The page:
A few years later, in 1598, Ostorodt went to Holland to spread his faith to this country and to try to get a permanent foothold in Western Europe. Naturally, he sought to establish contacts also with the Mennonites of this country, all the more since Mennonites and Socinians had almost identical viewpoints concerning adult baptism and nonresistance. In Amsterdam he debated with the Frisian elder Pieter Jans Twisck; he probably also had contact with the Flemish elder Jacques Outerman of Haarlem. In particular he hoped for some success with the most liberal wing of these Mennonites, namely, the Waterlanders. Wilbur in his History of Unitarianism devotes a lengthy section to this visit of Ostorodt with Hans de Ries of Alkmaar, the spiritual leader of the Waterlanders, and so do also J. S. S. Ballot, the biographer of de Ries (Doopsgezinde Bijdragen (1864): 38), and other Mennonite historians. This visit, as could have been assumed, yielded very little in results, in spite of de Ries's spiritualistic, non-dogmatic tendencies and certain similar viewpoints on practical matters. In fact, de Ries refused to consider any closer dealings with the Socinians, the main argument being that "the Polish Brethren grossly reduce the glory of Christ" (de Ries, Ontdeckinghe der dwalingen, 1627). Soon after the visit of Ostorodt, de Ries wrote a complete refutation of the Socinian position, entitled Klaer Bewijs van de Eewigheydt ende Godtheydt Jesu Christi. With this exchange of views the contact of Socinians and Dutch Mennonites came to an end for the time being. Later, more successful contacts and influences, however, do not belong to the scope of this article (see Galenus Abrahamsz de Haan; also Antitrinitarianism and Socinianism in the Netherlands).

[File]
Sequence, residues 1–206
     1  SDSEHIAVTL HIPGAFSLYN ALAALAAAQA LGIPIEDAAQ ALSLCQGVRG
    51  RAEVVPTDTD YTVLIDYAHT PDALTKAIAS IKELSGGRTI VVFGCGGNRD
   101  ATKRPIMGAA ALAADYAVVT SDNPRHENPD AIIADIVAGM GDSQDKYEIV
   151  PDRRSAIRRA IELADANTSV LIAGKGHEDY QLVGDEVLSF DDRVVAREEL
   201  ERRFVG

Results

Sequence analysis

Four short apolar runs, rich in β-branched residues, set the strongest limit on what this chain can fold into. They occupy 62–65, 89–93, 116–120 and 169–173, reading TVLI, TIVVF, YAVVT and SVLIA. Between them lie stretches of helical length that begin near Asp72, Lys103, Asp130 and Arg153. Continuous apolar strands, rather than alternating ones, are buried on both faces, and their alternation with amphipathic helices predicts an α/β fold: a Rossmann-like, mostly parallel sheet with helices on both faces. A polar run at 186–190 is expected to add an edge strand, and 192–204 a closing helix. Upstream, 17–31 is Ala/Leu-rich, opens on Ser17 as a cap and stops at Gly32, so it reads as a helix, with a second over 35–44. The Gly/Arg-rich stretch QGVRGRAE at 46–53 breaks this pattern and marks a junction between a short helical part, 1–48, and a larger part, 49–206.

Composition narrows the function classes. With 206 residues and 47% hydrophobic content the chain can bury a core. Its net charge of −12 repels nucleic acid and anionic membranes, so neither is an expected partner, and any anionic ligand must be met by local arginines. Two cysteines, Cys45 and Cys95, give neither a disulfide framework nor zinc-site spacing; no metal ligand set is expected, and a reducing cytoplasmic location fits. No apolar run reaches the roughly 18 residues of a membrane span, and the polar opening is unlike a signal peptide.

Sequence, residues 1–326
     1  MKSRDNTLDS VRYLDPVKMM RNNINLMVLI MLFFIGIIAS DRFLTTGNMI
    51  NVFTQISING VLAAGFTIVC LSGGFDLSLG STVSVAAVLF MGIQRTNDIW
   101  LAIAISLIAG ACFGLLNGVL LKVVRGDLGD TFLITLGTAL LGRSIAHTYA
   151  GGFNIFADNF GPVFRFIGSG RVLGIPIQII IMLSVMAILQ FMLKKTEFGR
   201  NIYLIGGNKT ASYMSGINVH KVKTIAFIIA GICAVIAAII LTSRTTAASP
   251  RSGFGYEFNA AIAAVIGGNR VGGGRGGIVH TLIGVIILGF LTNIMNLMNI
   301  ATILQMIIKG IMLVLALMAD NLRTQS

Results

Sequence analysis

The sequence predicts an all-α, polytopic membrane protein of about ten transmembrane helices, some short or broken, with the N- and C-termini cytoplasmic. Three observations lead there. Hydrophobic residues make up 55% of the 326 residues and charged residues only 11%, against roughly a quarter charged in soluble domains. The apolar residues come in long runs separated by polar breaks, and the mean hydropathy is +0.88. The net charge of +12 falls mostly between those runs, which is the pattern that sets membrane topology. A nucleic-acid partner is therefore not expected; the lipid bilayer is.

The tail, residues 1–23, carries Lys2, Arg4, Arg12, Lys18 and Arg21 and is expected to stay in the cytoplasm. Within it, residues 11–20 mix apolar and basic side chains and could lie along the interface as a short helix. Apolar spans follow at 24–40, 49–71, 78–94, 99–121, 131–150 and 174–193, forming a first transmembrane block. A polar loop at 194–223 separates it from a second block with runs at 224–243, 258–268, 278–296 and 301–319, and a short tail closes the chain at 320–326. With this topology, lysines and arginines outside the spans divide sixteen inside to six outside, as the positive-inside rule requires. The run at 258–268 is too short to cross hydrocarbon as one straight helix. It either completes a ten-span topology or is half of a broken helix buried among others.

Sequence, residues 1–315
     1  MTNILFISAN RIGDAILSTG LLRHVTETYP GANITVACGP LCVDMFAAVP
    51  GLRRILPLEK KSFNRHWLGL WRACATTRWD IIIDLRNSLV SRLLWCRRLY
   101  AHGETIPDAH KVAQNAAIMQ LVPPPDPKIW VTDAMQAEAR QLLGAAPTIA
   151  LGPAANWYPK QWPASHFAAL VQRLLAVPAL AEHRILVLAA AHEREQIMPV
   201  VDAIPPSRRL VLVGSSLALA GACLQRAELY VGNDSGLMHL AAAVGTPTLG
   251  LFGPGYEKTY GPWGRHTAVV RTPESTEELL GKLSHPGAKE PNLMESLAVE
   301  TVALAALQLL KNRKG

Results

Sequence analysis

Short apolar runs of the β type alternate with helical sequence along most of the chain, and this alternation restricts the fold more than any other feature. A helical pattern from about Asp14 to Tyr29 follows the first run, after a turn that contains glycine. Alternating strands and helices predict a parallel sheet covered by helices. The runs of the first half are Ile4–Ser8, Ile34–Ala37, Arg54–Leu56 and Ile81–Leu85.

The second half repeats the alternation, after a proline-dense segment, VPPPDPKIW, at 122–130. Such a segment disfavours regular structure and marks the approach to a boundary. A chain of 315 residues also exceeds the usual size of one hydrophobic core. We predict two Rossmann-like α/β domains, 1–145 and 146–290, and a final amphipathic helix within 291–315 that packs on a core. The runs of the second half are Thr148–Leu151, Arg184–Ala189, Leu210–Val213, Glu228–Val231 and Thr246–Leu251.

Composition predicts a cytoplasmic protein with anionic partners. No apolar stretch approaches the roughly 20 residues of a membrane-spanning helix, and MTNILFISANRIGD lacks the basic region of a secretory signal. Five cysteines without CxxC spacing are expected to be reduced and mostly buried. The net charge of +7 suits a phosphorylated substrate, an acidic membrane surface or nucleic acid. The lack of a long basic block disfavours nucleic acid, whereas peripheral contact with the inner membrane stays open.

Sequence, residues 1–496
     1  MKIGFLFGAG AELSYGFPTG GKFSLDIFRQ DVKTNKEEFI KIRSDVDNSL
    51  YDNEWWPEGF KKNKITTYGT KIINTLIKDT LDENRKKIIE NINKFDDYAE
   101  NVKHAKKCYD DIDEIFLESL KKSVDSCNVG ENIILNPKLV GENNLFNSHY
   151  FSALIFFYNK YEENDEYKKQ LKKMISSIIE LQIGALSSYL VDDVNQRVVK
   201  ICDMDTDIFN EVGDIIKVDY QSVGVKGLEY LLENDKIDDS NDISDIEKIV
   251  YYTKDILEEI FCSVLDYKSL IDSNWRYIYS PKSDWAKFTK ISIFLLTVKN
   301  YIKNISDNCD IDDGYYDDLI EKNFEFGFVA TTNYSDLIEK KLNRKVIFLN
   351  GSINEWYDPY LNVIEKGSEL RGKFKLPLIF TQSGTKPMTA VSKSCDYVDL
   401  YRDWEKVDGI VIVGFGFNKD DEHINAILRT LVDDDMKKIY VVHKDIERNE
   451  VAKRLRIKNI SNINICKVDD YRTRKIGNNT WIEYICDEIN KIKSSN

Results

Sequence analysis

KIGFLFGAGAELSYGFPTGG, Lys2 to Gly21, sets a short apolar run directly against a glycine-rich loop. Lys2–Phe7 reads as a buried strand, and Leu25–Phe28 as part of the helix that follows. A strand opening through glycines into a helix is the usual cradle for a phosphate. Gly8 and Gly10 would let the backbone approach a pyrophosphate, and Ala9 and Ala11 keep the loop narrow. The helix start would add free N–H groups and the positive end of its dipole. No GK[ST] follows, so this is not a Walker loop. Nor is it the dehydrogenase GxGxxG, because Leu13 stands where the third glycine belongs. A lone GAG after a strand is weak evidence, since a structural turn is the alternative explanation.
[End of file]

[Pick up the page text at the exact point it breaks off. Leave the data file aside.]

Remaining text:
Hutterites

It is known that the Polish Socinians showed a strong tendency toward communal living, hence their interest in the experiment of the Moravian Hutterites in this regard. Three or four times in the 16th and early 17th centuries visitors from Poland came to study these Anabaptist farm Bruderhofs, but in spite of much friendliness on both sides no real meeting of minds was possible: the genius of Anabaptism and Socinianism was too different as to allow such a rapprochement.